A big improvement!! Had the heating company in, adjusted the pitch in 3 to 4 of my rads. I had 2 vents that were locked to the open position so loosing a lot of steam there.  And changed a 3rd. I set the thermostat a smidge higher. All of a sudden stream was finally reaching my 3 rd floor radiator unmasking a huge water logged radiator up there.  My heating guy doesn’t carry oh strips so couldn’t measure that.  Also did put some additives in the water that protect against rusting.  Also I didn’t know that I was supposed to drain the water when the boiler was in, I’ve always done it when the boiler was off, so maybe that cleared things out better too.  It’s been incredibly more peaceful now and the heat feels more even between the 1st and second floor!  I’m pretty sure there’s more to tween and honestly I have no faith in my heating company and I can’t find anyone in Chicago that truly understands the nuance of steam systems. I’ve tried several companies.  Thanks so much for the input so far!
  • Oldhomegal
    Oldhomegal Member Posts: 7

  • Oldhomegal
    Oldhomegal Member Posts: 7
    Ok, so I realized that I don’t know what pressure my system is operating!  I just know the settings above.  I know I’m supposed to have my pressure at about .5 psi.  How today I know what my pressure is?  I don’t have any other gauges on my boiler..
  • ethicalpaul
    ethicalpaul Member Posts: 5,701
    bburd said:
    More condensate is produced on startup with a cold system than a warm one, which will worsen any wet steam or drainage related problems the system has.
    The boiler produces its rating, it doesn’t know or care how cold the pipes are. The condensation is almost totally steady regardless 
    NJ Steam Homeowner. See my sight glass boiler videos: https://bit.ly/3sZW1el
    ChrisJ
  • ChrisJ
    ChrisJ Member Posts: 15,658


    bburd said:

    More condensate is produced on startup with a cold system than a warm one, which will worsen any wet steam or drainage related problems the system has.

    The boiler produces its rating, it doesn’t know or care how cold the pipes are. The condensation is almost totally steady regardless 

    I suspect the confusion comes from when the system first starts all the condensate is formed early on in the system, but there's no reason properly sized and pitched steam mains should ever have an issue carrying the condensate.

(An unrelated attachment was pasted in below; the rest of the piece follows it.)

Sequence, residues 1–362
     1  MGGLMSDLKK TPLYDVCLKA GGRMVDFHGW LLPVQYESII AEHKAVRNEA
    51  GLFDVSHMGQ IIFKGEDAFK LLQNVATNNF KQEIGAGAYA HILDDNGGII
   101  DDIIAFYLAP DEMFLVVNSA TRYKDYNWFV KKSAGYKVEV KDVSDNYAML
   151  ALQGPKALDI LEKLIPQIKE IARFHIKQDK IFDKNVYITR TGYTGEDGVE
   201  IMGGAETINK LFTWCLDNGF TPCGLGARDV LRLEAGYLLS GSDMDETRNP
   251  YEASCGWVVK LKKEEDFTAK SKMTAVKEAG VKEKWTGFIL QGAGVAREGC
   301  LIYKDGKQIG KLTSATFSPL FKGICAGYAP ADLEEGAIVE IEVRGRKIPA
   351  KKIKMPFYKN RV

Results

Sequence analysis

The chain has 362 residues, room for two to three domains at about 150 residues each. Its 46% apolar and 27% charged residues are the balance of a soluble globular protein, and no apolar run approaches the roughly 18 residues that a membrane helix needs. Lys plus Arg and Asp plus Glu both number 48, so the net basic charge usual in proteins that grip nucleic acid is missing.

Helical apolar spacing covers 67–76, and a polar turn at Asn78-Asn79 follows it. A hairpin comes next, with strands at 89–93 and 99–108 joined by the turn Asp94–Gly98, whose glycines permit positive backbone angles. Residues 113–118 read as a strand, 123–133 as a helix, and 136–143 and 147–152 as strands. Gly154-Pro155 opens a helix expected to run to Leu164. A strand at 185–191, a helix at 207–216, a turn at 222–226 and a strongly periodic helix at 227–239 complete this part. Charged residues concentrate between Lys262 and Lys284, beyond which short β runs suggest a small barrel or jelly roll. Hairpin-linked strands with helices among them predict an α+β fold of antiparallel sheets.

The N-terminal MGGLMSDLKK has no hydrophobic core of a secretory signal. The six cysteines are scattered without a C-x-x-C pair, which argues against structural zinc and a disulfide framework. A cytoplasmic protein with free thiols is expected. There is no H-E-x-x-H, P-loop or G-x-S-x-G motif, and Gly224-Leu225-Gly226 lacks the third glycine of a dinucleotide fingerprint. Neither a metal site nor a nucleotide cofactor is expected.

Ultimately, at the end the same exact amount of condensate is produced by the system hot or cold.
    Single pipe quasi-vapor system. Typical operating pressure 0.14 - 0.43 oz. EcoSteam ES-20 Advanced Control for Residential Steam boilers. Rectorseal Steamaster water treatment
  • bburd
    bburd Member Posts: 912
    The system may produce the same amount of condensate when cold, but it will certainly be differently distributed. It's quite common for steam systems with pipe pitch problems to hammer and gurgle on a cold start, and quiet down as they warm up.

    Bburd
  • pecmsg
    pecmsg Member Posts: 4,837
    Post pictures of the boiler piping from a distance so we can make it out. 
  • ethicalpaul
    ethicalpaul Member Posts: 5,701
    bburd said:

    The system may produce the same amount of condensate when cold, but it will certainly be differently distributed. It's quite common for steam systems with pipe pitch problems to hammer and gurgle on a cold start, and quiet down as they warm up.

    That's because on startup the water sitting in the low spots is cold, so it causes hammer. As it warms up, it won't collapse the steam, and the hammer goes away.

    The level of condensate in any steam pipe is very small. There is no condition in a residential steam system where the pipes will be overwhelmed by condensation at various times in the heating cycle, I assert.

    I have a sight glass on my return and it's very obvious once you actually see how little water is returning. Granted, my system is small, but larger systems have larger pipes.
    NJ Steam Homeowner. See my sight glass boiler videos: https://bit.ly/3sZW1el
    bburd